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Courtesy Wikipedia

A few weeks ago, I attended a meeting about story quilts, and one of the topics was Hmong story quilts, made by immigrants from Laos who were uprooted by the Vietnam War. The presenter, in her twenties, asked anyone knew of the Vietnam War, and I laughed out loud. Later I apologized, and we talked about how every generation experiences its own defining events. She said for her it was 911. In my parents' generation it was the the bombing of Pearl Harbor. In my generation, the Vietnam War was certainly big, but it was something that went on for so long, that you don't usually hear people ask, "Where were you during the Vietnam War?" I'd say, for my generation it's the day Kennedy was shot.
As I write this, it is the 60th anniversary of that day. I might not have remembered it, except that my youngest brother turned 60 yesterday, and his birth has been tied to that event often enough that in a family text thread he said yesterday, "Oh yes, my claim to fame." This morning, when I recalled that today is the actual day, I reflected on the many memories I have of that day and the few days that followed, and I thought I'd share them with you.
I was a junior at the Rehoboth Mission High School, living in the dorm, the first White student to integrate the dorms, not without controversy. Grades 1-12 still ate family- style dinners at noon in the Mission House then, and we'd just begun passing food around when Mr. Hoekstra, the head cook, interrupted us to tell us that the president had just been shot in Dallas. "He's in surgery now," he added. "Let's take a moment to pray for him and the surgeons." Everything stopped, and we bowed our heads for the second prayer of the meal. I remember feeling stunned, and our conversations were subdued for the rest of dinner. Before the meal was over, Mr. Hoekstra, who had been listening to the radio in the kitchen, told us the president had died, and after the meal, he prayed for our country and for Kennedy's family.
That evening we were scheduled to give a band concert, and we had band practice right after lunch. Mr. Dobbs told us there'd been some discussion about canceling the concert, but they'd decided to go ahead and to offer it as a memorial. It was especially fitting, as one of our numbers happened to be the "Navy Hymn." Before we played it that night, Mr. Dobbs dedicated the hymn to the memory of the president, who had been a lieutenant in the navy during WWII. It's such a solemn, moving piece of music with great low brass parts (I played trombone), and I know I felt the gravitas of the situation, playing with a lump in my throat.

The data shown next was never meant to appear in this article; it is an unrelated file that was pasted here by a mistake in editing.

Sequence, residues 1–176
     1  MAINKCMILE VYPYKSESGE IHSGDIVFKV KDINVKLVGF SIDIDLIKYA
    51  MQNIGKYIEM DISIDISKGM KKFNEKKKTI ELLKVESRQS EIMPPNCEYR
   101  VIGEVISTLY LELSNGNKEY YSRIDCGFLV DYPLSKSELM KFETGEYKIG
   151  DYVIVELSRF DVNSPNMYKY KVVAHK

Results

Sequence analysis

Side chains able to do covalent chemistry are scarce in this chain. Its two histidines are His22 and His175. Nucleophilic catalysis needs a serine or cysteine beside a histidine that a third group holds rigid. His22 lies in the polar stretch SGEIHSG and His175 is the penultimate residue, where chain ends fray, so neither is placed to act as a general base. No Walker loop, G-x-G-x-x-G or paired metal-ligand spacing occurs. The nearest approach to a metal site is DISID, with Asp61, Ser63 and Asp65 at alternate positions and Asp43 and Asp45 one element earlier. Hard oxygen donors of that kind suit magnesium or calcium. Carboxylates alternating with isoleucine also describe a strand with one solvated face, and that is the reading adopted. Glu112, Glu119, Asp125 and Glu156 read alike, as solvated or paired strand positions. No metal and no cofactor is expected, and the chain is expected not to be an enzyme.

That afternoon, I'd walked to the hospital and stood outside my mother's room, so she could lift my seventh brother to the window for me to greet him. We talked about the president's death. Most people at the mission were, unsurprisingly, Republican, while Kennedy, of course was a Democrat. He was also a Catholic, another strike against him at this conservative, Protestant mission. Some, despite that, were truly grieved, regardless of their political beliefs. They hurt with the rest of the country at this violent death. Not my mother, though. She expressed voluble annoyance about one of the nurses who had wept about the loss and the impact on us as a nation. I remember being impressed that Mr. Hoekstra, on the other hand, had felt compelled to pray as he did.
Over the next few days, we high school students who lived in the dorm sat on couches, the floor and steps in the darkened living room to watch the events taking place on the dorm parents' black-and-white TV. We repeatedly watched scenes of the Kennedys leaving the plane at Love Field, the motorcade, the shooting, LBJ taking the presidential oath with Jackie Kennedy at his side on the plane. We watched reruns of significant moments in JFK's life and presidency––him sitting in the rocker speaking to us from the Oval Office, the Cuban Missile Crisis, playing family football in Hyannis Port. And we were released from classes to watch the funeral parade.
Those were an emotional few days, and then life went on––algebra tests, reading Walt Whitman in American Literature, work detail in the school laundry. Yet people of my generation can still be heard to ask each other, "Where were you when you heard that Kennedy had been shot?" And then we have a story to tell, not only about where we were, but how we felt, personal events of those days, like a new baby in the family. It's a moment of connection, of bonding with others who had that same, overwhelming experience.
What do you consider to be the defining event(s) of your generation? If it was the Kennedy assassination, where were you when you heard?

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Winter Solstice Sunrise, Chaco Canyon, A. Redsand

A few years ago, just before Thanksgiving, I heard a Diné man say that he was bewildered by the fact that in America we devote a single day to Thanksgiving. He said, "In our tradition, every day is a day for giving thanks." In 12-Step programs people who are feeling depressed about getting clean and sober are often advised to make a list of things they are grateful for. It's called having an "attitude of gratitude," and people are reminded that it is hard to be depressed while you're being grateful.